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Top 5 Steps to Prevent a Hip Fracture

Steps you should take to prevent a hip fracture

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Updated June 12, 2012

Hip fractures are a possible complication of osteoporosis, a condition that causes thinning of the bone. Hip fractures are severe injuries that can lead to many problems. Preventing a hip fracture is the most important step you can take. Patients over age 65 and anyone with significant osteoporosis should take these five steps to prevent a hip fracture.

1. Stay Active

elderly active falls fracture hip
Image © Lisa Kyle Young
Not keeping active is the biggest mistake I see older patients making. Many people believe that they should become less active as they age. They feel as though they cannot safely exercise, and become more sedentary.

Unfortunately, this is precisely the opposite of what needs to be done. Weight-bearing exercise has been shown to have beneficial effects on maintaining healthy bone. Furthermore, fit people have better balance and are less likely to fall or fracture a bone.

While maintaining fitness is crucial, it is important to exercise safely. Contact your local senior center or physical therapist to see if any classes are offered specifically for older adults.

2. Check Your Bone Density

A bone density test is a quick, painless way to measure your bone density and determine if you have osteoporosis. People who have osteoporosis, also called bone thinning, are at much higher risk for fracture.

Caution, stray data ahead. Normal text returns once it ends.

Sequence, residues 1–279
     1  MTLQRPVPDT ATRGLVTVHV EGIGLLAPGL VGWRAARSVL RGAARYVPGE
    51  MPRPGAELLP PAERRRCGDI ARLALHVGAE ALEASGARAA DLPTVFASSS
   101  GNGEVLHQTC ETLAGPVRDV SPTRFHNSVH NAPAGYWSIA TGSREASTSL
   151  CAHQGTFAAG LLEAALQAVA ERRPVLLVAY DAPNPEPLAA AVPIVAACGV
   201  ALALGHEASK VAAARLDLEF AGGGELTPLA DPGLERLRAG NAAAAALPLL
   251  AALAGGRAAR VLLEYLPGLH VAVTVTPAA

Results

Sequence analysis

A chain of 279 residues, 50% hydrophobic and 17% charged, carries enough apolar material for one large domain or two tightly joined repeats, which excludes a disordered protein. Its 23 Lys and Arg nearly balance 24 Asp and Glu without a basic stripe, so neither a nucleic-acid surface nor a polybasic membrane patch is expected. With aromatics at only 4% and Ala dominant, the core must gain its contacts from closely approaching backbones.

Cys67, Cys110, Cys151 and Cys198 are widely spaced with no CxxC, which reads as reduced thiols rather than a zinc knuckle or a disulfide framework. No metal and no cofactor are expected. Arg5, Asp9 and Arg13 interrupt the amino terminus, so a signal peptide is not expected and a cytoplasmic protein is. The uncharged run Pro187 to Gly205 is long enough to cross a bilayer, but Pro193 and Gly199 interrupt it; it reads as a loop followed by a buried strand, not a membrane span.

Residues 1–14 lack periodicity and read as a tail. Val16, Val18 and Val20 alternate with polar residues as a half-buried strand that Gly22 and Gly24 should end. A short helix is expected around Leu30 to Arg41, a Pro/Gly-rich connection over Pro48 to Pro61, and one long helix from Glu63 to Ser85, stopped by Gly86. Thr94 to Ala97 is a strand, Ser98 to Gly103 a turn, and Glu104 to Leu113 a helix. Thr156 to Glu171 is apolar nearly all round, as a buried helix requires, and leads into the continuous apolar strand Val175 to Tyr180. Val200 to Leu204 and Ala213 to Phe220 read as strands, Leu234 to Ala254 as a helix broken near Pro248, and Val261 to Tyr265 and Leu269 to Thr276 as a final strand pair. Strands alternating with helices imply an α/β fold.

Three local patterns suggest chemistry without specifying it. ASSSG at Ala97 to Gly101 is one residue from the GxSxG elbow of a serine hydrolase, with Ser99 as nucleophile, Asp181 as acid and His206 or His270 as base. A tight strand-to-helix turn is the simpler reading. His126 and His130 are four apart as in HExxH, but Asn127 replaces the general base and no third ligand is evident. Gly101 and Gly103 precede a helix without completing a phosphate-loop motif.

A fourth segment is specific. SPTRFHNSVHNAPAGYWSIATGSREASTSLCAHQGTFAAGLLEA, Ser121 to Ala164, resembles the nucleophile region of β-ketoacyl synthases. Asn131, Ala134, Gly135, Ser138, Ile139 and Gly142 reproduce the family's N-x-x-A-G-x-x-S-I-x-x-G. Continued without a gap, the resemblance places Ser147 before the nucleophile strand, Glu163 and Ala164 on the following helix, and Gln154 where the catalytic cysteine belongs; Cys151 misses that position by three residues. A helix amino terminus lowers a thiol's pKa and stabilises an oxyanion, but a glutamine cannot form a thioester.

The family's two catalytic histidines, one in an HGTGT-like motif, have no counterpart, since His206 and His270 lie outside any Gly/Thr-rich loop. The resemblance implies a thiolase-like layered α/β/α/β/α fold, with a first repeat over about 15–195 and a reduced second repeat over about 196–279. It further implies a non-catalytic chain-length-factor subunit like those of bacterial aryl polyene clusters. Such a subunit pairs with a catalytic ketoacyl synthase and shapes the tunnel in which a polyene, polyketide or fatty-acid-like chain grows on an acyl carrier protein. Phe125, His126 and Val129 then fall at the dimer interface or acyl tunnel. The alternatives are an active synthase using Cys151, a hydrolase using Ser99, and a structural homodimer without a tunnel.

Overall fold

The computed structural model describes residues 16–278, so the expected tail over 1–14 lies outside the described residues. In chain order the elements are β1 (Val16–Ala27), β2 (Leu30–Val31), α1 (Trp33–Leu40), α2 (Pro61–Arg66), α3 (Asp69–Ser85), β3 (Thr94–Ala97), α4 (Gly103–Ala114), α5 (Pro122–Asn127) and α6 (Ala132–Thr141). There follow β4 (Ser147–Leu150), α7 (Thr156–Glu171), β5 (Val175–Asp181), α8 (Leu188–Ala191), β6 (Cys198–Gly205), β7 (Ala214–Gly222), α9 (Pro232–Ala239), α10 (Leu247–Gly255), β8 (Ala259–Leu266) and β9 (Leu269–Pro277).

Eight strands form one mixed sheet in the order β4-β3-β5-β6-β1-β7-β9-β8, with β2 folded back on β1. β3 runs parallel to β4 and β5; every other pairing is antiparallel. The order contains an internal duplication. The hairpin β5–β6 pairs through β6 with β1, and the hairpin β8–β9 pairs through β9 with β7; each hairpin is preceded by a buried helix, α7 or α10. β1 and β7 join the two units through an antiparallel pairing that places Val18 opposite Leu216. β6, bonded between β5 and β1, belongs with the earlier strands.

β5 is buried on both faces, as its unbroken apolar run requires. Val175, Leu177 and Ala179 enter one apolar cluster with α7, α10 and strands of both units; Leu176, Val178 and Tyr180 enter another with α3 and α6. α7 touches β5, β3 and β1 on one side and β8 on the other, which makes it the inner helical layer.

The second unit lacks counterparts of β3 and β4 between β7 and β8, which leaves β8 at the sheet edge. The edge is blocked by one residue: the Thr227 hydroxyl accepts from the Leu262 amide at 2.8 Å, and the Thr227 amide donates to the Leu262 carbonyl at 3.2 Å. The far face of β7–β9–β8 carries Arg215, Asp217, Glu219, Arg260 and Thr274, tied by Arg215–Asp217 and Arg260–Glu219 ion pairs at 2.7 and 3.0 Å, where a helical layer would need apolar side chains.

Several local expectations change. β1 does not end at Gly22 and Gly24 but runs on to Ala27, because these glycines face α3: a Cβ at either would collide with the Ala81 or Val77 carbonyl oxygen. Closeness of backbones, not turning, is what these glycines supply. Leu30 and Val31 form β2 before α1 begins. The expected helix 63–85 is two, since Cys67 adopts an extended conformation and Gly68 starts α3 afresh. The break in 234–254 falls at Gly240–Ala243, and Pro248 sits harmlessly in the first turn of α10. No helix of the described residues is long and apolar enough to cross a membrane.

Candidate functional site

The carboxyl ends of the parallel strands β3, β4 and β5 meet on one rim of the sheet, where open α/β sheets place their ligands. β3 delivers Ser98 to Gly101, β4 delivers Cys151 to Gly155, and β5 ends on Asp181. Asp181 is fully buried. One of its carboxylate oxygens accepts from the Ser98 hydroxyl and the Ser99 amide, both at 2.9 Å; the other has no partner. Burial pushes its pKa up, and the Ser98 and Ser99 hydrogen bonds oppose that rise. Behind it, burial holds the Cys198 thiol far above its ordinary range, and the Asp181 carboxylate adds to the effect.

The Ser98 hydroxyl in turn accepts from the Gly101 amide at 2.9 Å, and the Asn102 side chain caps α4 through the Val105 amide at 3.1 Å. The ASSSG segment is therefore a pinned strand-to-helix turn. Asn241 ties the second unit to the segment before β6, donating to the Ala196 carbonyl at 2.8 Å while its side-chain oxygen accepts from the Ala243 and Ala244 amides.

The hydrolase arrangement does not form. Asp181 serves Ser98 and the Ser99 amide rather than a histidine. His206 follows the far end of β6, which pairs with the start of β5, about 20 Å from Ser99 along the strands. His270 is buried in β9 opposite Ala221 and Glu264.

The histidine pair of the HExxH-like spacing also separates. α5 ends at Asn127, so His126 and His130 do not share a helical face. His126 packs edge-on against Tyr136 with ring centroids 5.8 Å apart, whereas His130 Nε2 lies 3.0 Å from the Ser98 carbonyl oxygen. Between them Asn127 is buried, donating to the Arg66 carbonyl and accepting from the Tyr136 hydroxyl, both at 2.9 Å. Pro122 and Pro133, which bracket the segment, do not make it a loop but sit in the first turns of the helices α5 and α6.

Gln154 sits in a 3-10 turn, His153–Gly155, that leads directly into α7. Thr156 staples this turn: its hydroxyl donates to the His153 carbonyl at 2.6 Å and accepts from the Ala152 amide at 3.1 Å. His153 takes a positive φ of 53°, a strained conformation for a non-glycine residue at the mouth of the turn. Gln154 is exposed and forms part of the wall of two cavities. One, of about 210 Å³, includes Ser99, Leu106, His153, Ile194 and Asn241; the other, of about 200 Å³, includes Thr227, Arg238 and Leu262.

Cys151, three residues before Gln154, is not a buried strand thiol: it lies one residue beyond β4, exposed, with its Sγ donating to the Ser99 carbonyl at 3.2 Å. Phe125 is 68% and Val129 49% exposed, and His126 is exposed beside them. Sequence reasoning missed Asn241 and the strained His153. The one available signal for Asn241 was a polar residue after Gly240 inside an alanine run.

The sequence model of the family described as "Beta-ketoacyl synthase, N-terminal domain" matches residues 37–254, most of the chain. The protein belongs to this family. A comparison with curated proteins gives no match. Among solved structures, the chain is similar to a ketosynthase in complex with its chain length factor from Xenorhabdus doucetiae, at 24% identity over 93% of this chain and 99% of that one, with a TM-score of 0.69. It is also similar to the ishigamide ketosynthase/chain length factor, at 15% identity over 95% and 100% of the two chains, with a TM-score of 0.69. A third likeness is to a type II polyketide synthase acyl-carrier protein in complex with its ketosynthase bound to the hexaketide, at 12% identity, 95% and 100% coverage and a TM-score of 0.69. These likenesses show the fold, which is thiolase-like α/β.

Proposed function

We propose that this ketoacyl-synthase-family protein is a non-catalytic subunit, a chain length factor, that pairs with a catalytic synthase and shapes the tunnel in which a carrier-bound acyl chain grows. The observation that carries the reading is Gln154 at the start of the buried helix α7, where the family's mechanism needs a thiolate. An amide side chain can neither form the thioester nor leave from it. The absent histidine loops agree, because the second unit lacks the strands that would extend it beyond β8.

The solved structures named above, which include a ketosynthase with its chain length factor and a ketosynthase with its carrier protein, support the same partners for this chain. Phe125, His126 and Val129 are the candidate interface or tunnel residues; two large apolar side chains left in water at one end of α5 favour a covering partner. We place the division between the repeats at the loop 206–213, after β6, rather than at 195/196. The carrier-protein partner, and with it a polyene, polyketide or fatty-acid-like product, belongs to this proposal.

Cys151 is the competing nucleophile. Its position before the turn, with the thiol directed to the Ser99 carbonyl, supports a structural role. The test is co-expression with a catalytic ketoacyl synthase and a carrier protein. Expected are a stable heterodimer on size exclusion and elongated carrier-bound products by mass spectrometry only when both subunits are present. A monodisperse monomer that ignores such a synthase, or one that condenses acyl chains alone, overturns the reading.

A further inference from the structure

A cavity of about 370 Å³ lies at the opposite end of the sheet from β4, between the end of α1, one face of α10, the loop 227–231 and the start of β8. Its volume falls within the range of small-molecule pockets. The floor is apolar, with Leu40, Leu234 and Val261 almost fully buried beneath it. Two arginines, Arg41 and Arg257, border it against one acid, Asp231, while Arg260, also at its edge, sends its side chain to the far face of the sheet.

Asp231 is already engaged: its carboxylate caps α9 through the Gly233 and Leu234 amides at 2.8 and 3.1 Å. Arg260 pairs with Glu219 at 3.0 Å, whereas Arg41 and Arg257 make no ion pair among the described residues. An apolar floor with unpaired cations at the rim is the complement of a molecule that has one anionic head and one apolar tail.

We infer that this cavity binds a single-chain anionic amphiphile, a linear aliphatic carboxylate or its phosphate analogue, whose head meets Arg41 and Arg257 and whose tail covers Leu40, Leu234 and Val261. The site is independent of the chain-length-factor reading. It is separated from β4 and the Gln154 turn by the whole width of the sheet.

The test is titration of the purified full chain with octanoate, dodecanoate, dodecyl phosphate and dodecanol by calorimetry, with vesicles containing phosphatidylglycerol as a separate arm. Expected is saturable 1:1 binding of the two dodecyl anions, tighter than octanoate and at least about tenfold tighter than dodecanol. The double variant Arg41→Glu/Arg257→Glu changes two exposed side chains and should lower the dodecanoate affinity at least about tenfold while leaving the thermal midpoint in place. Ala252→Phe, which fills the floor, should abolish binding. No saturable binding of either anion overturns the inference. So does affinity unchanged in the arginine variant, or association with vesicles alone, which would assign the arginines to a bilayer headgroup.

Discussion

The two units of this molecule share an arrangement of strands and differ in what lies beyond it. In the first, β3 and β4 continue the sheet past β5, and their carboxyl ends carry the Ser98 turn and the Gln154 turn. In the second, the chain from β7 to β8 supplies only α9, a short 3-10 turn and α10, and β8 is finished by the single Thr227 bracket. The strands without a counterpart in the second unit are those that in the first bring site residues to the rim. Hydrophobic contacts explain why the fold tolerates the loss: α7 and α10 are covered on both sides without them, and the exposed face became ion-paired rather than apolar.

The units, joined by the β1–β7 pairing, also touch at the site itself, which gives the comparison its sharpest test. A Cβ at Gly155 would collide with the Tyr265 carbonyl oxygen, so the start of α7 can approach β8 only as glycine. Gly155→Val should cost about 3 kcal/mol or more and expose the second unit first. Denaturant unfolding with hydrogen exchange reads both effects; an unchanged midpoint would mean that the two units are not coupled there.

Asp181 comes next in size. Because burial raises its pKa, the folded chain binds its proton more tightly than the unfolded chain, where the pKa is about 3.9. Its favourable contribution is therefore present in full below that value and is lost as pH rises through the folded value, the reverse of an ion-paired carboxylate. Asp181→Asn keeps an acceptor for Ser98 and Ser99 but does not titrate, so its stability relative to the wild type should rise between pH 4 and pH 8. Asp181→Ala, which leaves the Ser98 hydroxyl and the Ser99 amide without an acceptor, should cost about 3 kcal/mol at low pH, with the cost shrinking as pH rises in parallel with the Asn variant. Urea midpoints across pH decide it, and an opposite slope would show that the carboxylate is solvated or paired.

Knowing your bone density can help you and your doctor determine what steps are necessary to help improve your bone health and prevent fracture. Patients with lower bone density may be placed on medications to limit bone loss and improve bone density.

3. Perform a Home Safety Check

Image © Duncan Walker
Simple steps can be taken to ensure the home is a safe environment. Over 60% of falls causing a fracture in the elderly population occur at home. By taking a few simple steps, people can make the home a much safer environment.

A 1999 survey of homes by Yale University researchers found safety problems in the vast majority of houses. Almost 80% of houses of elderly people had loose objects on living room floors. including rugs, piles of books, or loose cords. Other areas of concern were stairways, kitchens, and bathrooms.

Sources: Gill, et al "A population-based study of environmental hazards in the homes of older persons" Am J Public Health, Apr 1999; 89: 553 - 556.

4. Stay on Top of Medications

Image © Andrea Gingerich
Do you know what medications you are taking? Do you know what they are for? Everyone should be able to answer these two simple questions. Many medications have side effects that can include dizziness and lightheadedness.

By knowing your medications, and the signs of problems with these medications, you can take control of your health. Let your doctor know if you think a medication could be causing a side effect that may lead to unsteady walking, loss of balance, or a fall.

5. Check Your Vision

Image © Sharon Dominick
As we get older, we may face problems such as failing vision, cataracts, and glaucoma. These problems can be easily screened by an eye doctor, and all people should have their vision regularly checked.

Many older patients have poor vision and may wear corrective lenses. But unless they check regularly with their eye doctor, they may not know if their vision has been worsening. Treating poor vision is a crucial step to avoiding falls.

Related Video
Stretches to Prevent Hip and Pain and Injury
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  7. 5 Steps to Prevent a Hip Fracture

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